Help your pup become a therapy dog

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Help your pup become a therapy dog
Therapy dogs can provide many health benefits to those in need. (Photo/Audrey Keefe)
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By Kim Jones Gilliam

Numerous studies have shown the physical and emotional health benefits of owning a dog. Interacting with and petting dogs relieves anxiety with the release of dopamine and serotonin, lowers blood pressure and cholesterol levels, improves heart health and more. Therapy dogs can bring these health benefits to people who need it most: those who are in high stress situations, are grieving, are lonely or are in hospitals and nursing homes.

Studies have shown that therapy dogs also benefit from this work, achieving higher rates of endorphins and oxytocin than average family pets. If you’ve got a friendly, well-behaved dog that loves people, you might be the perfect candidates to brighten someone’s day as a therapy dog and handler team.

Gus the goldendoodle and I volunteer with People Animals Love and have visited residents of a homeless shelter, nurses at a mental hospital, students stressed during final exams and government officials responding to international crises. Each visit varies, but you should see how excited Gus is when I put on his PAL bandana and tell him it’s time to make a difference.

Note that therapy dogs are not service dogs, who receive extensive training to provide specific services for a person with special needs and receive full public access per the Americans with Disabilities Act. They are also not emotional support animals; these require a prescription from a mental health professional but need no special training or certifications to do their job. Therapy dogs volunteer with their owners/handlers to help others and are certified through their therapy group.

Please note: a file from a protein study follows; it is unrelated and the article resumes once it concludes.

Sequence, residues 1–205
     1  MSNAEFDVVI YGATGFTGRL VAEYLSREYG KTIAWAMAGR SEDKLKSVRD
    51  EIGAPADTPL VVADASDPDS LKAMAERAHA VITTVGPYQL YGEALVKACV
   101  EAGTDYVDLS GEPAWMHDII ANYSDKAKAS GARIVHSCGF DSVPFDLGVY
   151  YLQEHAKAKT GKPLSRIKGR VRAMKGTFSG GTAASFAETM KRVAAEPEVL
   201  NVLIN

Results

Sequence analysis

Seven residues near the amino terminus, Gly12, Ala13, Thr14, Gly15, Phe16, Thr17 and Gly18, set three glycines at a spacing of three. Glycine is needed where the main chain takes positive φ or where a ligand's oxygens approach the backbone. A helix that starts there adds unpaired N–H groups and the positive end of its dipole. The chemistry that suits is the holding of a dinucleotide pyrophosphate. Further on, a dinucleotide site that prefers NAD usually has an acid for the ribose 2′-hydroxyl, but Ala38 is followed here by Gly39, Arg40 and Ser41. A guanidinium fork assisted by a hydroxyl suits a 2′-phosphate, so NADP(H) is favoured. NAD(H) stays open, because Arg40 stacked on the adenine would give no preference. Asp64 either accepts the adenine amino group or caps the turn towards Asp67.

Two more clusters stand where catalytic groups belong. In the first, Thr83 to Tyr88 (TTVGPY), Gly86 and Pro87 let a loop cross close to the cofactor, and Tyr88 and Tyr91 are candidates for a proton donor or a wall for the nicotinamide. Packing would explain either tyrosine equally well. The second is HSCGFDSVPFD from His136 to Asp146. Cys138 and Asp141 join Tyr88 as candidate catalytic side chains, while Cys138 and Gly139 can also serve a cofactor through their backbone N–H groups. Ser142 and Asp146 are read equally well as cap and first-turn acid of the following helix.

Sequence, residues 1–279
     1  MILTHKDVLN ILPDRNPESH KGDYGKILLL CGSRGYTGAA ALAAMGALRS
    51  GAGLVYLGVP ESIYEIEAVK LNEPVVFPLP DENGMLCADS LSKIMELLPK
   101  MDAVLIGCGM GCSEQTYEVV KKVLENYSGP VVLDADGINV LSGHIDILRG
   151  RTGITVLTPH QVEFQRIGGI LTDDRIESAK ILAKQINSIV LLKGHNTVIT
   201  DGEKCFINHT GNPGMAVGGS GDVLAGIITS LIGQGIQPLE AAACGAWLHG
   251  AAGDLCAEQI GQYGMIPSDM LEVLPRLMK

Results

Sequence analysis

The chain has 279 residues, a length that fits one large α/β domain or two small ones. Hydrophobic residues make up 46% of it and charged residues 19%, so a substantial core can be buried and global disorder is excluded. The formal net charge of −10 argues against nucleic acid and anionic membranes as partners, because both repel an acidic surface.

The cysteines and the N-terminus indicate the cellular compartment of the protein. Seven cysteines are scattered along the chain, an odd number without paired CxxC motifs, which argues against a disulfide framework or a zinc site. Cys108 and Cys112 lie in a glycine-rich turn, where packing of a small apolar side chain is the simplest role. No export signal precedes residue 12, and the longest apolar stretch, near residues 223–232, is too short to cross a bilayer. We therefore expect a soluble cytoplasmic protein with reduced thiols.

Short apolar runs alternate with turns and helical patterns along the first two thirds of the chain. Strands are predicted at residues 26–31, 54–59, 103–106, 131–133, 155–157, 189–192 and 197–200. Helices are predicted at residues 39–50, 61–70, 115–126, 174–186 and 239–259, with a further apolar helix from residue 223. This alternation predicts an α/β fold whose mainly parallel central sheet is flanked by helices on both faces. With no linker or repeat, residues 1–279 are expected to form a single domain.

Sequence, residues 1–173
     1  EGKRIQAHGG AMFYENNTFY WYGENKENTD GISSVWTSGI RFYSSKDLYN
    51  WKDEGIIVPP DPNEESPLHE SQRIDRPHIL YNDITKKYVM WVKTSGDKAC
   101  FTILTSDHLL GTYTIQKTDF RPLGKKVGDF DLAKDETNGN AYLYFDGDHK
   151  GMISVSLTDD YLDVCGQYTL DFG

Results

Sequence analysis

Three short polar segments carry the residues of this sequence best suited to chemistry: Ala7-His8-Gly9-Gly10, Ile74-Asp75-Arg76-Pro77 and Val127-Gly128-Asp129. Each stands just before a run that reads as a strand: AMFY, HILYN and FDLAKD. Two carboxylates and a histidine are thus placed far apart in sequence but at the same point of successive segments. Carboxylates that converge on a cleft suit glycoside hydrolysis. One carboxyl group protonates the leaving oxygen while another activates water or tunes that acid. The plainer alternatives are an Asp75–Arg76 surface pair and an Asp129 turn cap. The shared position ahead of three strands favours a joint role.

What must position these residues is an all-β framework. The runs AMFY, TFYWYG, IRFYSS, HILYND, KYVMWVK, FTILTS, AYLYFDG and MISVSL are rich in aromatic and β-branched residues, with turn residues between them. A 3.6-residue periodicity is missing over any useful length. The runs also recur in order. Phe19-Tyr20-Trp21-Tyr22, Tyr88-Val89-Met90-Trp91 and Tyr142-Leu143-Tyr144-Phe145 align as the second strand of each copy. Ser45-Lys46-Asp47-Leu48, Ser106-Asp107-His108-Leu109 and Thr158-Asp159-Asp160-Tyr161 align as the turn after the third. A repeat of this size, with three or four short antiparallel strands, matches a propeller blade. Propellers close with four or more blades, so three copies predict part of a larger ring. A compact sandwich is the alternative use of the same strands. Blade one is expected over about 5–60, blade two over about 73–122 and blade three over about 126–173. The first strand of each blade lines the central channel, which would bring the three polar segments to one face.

They do not receive the same special access as service dogs. Interested? Here are the three steps to have your pet become a therapy dog.

1. Pass the AKC’s Canine Good Citizen Test.

All therapy dogs need to be under owner control and have basic training. As such, most therapy groups require that the dog pass the American Kennel Club’s Canine Good Citizen test before taking the group’s own assessment. The CGC is a 10-point test that ensures understanding of basic commands including come, sit, stay and down, as well as appropriate responses around strangers, other dogs and distractions. You can learn about the test items and practice with your pup or enroll in a CGC test prep class. Once ready, schedule your test with a local AKC certified CGC evaluator.

2. Register with a therapy dog group.

The AKC site lists therapy dog organizations and their requirements. These organizations enable you to volunteer in your community alongside experienced therapy dog handlers who can share the skills needed in different settings. They also provide members with the necessary liability insurance. Complete their application and assessment requirements, which may be significant, as you are going to visit people who are physically or mentally vulnerable.

3. Start volunteering.

Once vetted, you can sign up to volunteer at locations where your dog would do well and feel rewarded. Some dogs do better in high energy environments like schools and homeless shelters, but others do better in calm environments like nursing homes and rehabilitation hospitals. You know your dog best: If it ever doesn’t feel like the right fit for your dog, it’s your job to take them out of that situation. Your dog’s health and wellbeing are just as important as the people you are hoping to visit.

The AKC recognizes those who volunteer their time in an animal-assisted therapy setting to improve the lives of others. After you’ve made 10 visits, you can apply for the AKC Novice Therapy Dog title.

While there are no breed or age restrictions for therapy dogs, not every pup is cut out for this special job. A good therapy dog is a mixture of personality and training: They should have a calm demeanor, patience, confidence and a love of human contact. Dogs that are obedient, gentle, outgoing and not easily overwhelmed are generally best suited for this role. And they must be comfortable being touched, sometimes by many hands at once.

While it takes work to get you and your pup ready to serve as a therapy dog team, being able to share their heart-warming nature with people in need is incredibly rewarding. 

The writer co-owns Frolick Dogs, a canine sports club in Alexandria.

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